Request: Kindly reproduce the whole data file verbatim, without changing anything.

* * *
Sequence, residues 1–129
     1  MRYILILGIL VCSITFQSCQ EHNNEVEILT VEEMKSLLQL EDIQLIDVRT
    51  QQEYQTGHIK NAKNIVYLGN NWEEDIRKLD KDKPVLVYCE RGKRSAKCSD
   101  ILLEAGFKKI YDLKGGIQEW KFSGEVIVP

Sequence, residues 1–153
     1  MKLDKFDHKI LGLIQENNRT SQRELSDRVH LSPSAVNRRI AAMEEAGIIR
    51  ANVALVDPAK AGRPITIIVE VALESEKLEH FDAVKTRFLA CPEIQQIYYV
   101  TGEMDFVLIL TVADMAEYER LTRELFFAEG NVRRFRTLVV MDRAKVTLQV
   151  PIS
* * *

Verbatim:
Sequence, residues 1–129
     1  MRYILILGIL VCSITFQSCQ EHNNEVEILT VEEMKSLLQL EDIQLIDVRT
    51  QQEYQTGHIK NAKNIVYLGN NWEEDIRKLD KDKPVLVYCE RGKRSAKCSD
   101  ILLEAGFKKI YDLKGGIQEW KFSGEVIVP

Sequence, residues 1–153
     1  MKLDKFDHKI LGLIQENNRT SQRELSDRVH LSPSAVNRRI AAMEEAGIIR
    51  ANVALVDPAK AGRPITIIVE VALESEKLEH FDAVKTRFLA CPEIQQIYYV
   101  TGEMDFVLIL TVADMAEYER LTRELFFAEG NVRRFRTLVV MDRAKVTLQV
   151  PIS